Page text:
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Book Club Discussion Questions: Unheard Voices of the Pandemic

The Voice of Witness book series amplifies the stories of people directly impacted by—and fighting against—injustice. We use an oral history methodology that combines ethics-driven practices, journalistic integrity, and an engaging, literary approach.

The books explore issues of inequity and human rights through the lens of personal narrative. Each project aims to disrupt harmful narratives by supporting historically marginalized or silenced communities to tell their own stories in their own words.

Book clubs are useful tools for engaging and interacting with these oral histories and the issues they highlight. Find our handout with guidance on planning and facilitating one here.

Use the questions below to start a book club for Unheard Voices of the Pandemic: Narratives from the First Year of COVID-19.

Discussion Questions:

  1. The stories in Unheard Voices of the Pandemic highlight oral history as a way for individuals to communicate their experiences of the pandemic. What are some of the distinctions between oral history and other kinds of storytelling, reporting, or journalism?
  2. In Roberto Valdez’s narrative, he says the pandemic forced people to see farmworkers as “essential workers.” What do you think contributes to the lack of awareness about the essential role farmworkers play?
  3. In Hanima Eugene’s narrative, she describes that formerly incarcerated people face many barriers, which have been exacerbated by the pandemic. What are some of those barriers and how does the pandemic exacerbate them?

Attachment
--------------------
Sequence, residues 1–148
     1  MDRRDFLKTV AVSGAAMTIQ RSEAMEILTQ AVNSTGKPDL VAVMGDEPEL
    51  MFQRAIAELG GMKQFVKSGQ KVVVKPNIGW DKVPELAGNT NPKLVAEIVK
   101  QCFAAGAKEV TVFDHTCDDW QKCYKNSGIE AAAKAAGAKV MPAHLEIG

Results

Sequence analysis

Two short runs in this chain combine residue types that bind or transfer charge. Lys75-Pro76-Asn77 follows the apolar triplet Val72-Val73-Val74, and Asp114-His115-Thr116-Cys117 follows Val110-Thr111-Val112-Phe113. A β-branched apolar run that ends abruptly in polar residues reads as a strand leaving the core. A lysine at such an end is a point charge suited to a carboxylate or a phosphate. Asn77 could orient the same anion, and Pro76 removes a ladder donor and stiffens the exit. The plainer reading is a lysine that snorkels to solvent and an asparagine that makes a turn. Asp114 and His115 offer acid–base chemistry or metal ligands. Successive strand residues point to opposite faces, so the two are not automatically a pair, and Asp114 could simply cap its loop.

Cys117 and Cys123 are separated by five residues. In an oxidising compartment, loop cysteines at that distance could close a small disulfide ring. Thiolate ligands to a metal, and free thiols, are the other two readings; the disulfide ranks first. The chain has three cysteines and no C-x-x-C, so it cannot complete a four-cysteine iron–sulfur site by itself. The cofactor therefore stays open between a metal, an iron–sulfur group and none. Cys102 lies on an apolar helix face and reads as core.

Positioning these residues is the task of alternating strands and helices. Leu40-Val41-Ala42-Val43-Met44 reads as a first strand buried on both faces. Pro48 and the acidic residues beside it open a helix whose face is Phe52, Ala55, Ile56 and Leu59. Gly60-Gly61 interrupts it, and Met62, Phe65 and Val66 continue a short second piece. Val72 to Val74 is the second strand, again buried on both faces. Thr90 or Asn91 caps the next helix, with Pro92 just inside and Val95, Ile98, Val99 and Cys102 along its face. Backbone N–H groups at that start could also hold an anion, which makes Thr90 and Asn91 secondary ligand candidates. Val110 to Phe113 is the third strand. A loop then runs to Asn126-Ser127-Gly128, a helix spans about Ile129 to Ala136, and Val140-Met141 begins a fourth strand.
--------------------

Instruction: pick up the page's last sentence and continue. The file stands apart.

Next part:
4. Soledad Castillo talks about the emotional stress that many immigrants face being so far from their families. She mentions that COVID-19 has caused other people to have similar experiences. What are some of the impacts the pandemic has had on families, and how might they differ for immigrant communities?
  5. In Blaine Wilson’s narrative, he discusses how the pandemic has impacted every aspect of his life, from his cultural traditions to a connection with his ancestors. What are some of the ways the pandemic may be affecting Indigenous communities differently than non-Indigenous communities?
  6. Nurse Farida Fernandez observes that Black communities have experienced a disproportionate number of deaths from COVID-19. She says the “structural issues” that cause Black communities to be susceptible to COVID are never discussed. What specific kinds of structural issues is she referring to?
  7. In Michael “Zah” Dorrough’s story, he describes that ocials at Corcoran Prison “had no plan in place” to address the surging number of COVID cases. He also says, “You are really on your own where it involves medical issues in prison.” How are people in U.S. prisons treated and what obstacles do they face?
  8. Nina Gonzalez describes the fears and challenges experienced during the pandemic by her employees, who are all undocumented. What are some of the ways the pandemic has impacted undocumented communities differently than people who are documented/are citizens?
  9. Gabriel Méndez talks about the challenges of continuing his college classes virtually at home. What are some of the difficulties that students face with virtual and remote learning during the pandemic?
  10. Each of the narrators in this collection shares their own unique, personal story about living through the pandemic. What is something you would like others to know about your own experiences (or the experiences of those in your community) during the pandemic?
  11. In the introduction to Unheard Voices of the Pandemic, the Voice of Witness editors share how working on this collection helped them feel connected with each other and their communities. What are ways that you have felt connection and/or comfort during the pandemic?

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